The food service industry needs to face up to its responsibilities in tackling the global obesity epidemic, according to a new report by Unilever Food Solutions. With one billion overweight adults and a staggering 300 million cases of obesity worldwide, this figure will rise to 1.5 billion by 2015* unless all parties, including the food service industry, take action now.
New findings from the Report highlight that chefs and operators are not meeting their guests’ needs. Guests want the best of both worlds - healthier options on menus 66% and a treat when eating out 72%. However, most healthy options are considered to be less appetizing 43%, too expensive 57% and not very filling 45%.
In November 2010, Unilever set out the Unilever Sustainable Living Plan, where one of the main goals was to help more than one billion people improve their health and well-being by 2020. Now over one year into the ten-year plan, Unilever Food Solutions continues to contribute to the successful results gained so far in reaching this bigger goal.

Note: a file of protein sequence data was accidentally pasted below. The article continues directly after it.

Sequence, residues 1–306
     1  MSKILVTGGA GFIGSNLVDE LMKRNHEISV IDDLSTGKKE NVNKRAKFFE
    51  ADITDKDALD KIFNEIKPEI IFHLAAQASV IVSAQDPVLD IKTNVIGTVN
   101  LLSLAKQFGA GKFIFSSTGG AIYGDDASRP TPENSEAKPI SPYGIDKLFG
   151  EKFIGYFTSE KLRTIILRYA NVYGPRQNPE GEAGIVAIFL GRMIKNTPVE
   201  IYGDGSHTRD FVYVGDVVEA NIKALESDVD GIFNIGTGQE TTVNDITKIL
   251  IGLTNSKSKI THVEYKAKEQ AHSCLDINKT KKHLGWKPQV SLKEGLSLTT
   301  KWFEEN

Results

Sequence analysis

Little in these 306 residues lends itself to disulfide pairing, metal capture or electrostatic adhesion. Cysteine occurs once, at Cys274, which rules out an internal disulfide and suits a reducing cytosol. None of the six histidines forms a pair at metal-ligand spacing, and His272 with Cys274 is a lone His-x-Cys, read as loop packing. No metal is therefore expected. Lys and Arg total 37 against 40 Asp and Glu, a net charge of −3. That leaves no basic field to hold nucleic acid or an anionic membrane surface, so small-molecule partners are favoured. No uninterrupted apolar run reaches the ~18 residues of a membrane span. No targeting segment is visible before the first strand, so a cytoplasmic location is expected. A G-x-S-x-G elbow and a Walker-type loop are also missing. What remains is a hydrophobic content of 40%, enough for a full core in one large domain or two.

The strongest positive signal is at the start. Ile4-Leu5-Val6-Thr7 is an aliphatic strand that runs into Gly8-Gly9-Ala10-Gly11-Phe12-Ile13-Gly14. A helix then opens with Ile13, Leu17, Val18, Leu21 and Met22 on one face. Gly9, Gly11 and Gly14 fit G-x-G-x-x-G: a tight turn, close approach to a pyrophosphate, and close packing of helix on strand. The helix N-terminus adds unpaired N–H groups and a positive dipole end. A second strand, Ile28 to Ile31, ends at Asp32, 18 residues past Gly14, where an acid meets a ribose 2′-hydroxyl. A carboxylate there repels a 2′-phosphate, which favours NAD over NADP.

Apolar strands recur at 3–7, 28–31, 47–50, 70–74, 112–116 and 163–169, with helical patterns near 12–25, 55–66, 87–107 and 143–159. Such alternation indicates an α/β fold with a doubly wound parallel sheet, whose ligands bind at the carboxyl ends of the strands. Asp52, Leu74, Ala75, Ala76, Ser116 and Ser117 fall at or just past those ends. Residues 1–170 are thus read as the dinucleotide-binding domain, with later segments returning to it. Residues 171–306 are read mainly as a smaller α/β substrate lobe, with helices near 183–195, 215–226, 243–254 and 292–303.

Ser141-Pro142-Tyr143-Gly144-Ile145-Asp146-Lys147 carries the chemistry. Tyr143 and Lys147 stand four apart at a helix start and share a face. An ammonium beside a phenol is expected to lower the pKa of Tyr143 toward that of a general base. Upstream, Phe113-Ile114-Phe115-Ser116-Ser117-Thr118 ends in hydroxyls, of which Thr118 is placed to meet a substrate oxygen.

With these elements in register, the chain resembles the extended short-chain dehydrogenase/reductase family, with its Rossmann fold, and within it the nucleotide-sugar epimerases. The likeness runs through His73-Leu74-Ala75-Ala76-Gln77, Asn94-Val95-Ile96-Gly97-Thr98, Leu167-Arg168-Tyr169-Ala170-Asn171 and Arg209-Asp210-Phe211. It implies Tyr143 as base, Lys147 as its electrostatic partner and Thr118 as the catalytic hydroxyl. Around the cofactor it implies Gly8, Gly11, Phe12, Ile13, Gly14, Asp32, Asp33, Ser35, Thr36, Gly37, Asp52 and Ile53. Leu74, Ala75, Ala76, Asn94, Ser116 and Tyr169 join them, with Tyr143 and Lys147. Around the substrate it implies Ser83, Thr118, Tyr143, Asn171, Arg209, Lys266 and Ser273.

“Unilever Food Solutions is recommending a simple solution to chefs and operators to address this mismatch called ‘Seductive Nutrition’ – a new approach to menu design which nudges guests to choose a healthier option when eating out. The good news for the industry is that this can help make their businesses healthier too,” says Eelco Camminga, Vice President of Unilever Food Solutions - South Africa, Middle East & Pakistan.
Barriers to healthy eating
The 2011 World Menu Report: What’s in Your Food revealed that diners want more nutritional information on menus to help them make an informed, healthy choice when eating out. This new report makes it clear that although diners want healthier alternatives on menus, more than two fifths (43%) of people admit a main drawback in ordering a healthy option is that they believe that healthier dishes sound less tasty when described on a menu.
Apart from this, there appears to be a ‘Nutritional Knowledge Gap’ amongst consumers globally, as 75% were unable to identify the recommended daily allowance (RDA) of fat for men and women. This suggests that even though consumers want more nutritional information they don’t always understand how to interpret it in relation to their RDAs.